3. Character.

Some bikes we ride just because we love the bike. It doesn't even have to be reliable. It's a bike full of character, excitement and just fun to ride.

 

Best value for money bikes in Vietnam

SUZUKI HAYATE 125cc

Medium sized fully automatic scooter with more than enough power to travel all paved roads in Vietnam 2 up. Fairly comfortable for both rider and pillion passenger for long distance travel, while also being zippy and agile. 

One of the best value for money bikes if you're after a super reliable bike on a cheaper budget. If you have any trouble with the Hayate, it'll most likely be the carb (due to lack of proper servicing) or something minor. The engines on the Suzuki scooters are one of the only Japanese scooters with an actual real oil filter making them virtually bullet proof. 

Unfortunately a lot of street mechanics either won't know there is an oil filter (because Honda doesn't have them) or change it which can cause major damage to the engine. They also don't have much knowledge of proper carb servicing and rebuilding. Either buy your own oil filters from parts shops or service your bike at a Suzuki dealership. Worth the few extra dollars.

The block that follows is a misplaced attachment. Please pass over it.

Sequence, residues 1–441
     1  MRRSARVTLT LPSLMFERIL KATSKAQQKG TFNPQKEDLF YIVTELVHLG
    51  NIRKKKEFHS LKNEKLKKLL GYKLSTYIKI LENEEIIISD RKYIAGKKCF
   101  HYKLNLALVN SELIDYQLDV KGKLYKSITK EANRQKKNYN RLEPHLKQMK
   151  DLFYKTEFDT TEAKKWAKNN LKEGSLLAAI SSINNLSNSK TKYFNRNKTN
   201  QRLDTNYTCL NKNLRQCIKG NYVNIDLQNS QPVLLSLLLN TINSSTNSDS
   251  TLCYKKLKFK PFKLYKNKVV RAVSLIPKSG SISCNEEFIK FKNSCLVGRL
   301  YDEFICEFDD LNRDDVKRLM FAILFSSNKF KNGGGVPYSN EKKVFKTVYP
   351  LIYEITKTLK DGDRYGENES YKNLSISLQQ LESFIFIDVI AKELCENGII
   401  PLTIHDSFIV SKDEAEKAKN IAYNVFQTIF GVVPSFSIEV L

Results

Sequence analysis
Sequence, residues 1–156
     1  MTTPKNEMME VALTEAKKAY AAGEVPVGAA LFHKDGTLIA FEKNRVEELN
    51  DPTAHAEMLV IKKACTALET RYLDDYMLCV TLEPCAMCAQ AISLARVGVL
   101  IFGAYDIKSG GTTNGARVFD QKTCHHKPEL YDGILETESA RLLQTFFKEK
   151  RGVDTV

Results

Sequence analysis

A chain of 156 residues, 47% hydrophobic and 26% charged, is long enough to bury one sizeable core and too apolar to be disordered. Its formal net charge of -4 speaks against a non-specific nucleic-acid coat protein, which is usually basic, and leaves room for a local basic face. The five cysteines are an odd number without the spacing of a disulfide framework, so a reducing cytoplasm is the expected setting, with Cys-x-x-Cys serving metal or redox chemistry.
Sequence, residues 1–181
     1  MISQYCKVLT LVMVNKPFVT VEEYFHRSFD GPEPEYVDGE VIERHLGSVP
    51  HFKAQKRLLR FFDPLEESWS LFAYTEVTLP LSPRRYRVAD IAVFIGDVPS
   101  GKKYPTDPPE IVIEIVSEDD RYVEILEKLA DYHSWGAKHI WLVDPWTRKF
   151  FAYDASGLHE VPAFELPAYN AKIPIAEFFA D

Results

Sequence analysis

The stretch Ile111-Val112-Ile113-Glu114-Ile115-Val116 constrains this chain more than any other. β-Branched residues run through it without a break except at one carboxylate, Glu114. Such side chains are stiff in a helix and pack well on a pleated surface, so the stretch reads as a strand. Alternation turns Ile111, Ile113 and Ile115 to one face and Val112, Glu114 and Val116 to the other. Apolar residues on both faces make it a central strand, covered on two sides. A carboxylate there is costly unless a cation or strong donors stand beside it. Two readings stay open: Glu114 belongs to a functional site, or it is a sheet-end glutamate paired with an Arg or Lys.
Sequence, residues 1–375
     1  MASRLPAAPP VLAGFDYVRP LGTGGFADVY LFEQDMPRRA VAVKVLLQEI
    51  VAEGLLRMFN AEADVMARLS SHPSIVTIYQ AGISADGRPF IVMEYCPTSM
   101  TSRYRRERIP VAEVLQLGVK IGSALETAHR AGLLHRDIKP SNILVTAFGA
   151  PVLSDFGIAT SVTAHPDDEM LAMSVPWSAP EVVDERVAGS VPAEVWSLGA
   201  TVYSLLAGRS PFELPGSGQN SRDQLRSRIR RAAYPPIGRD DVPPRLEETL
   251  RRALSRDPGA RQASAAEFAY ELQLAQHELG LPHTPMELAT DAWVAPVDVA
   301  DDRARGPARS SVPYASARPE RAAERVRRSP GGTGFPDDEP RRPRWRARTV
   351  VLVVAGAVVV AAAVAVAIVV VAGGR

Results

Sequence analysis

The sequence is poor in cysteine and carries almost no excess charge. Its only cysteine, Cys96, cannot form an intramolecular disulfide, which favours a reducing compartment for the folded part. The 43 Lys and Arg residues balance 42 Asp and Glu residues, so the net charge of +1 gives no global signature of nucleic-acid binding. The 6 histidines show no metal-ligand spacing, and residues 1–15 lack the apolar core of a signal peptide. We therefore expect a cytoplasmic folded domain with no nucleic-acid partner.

HONDA WAVE 110cc

Smaller sized semi automatic scooter with gears but no clutch, making it easy to ride and still has more than enough power to travel all paved roads in Vietnam 2 up.

Mentioning the Wave because it's one of the most common bikes found across the country and every street mechanic knows how to fix them with their eyes closed. This is the bike you buy 

Unfortunately a lot of street mechanics either won't know there is an oil filter (because Honda doesn't have them) or change it which can cause major damage to the engine. They also don't have much knowledge of proper carb servicing and rebuilding. Either buy your own oil filters from parts shops or service your bike at a Suzuki dealership. Worth the few extra dollars.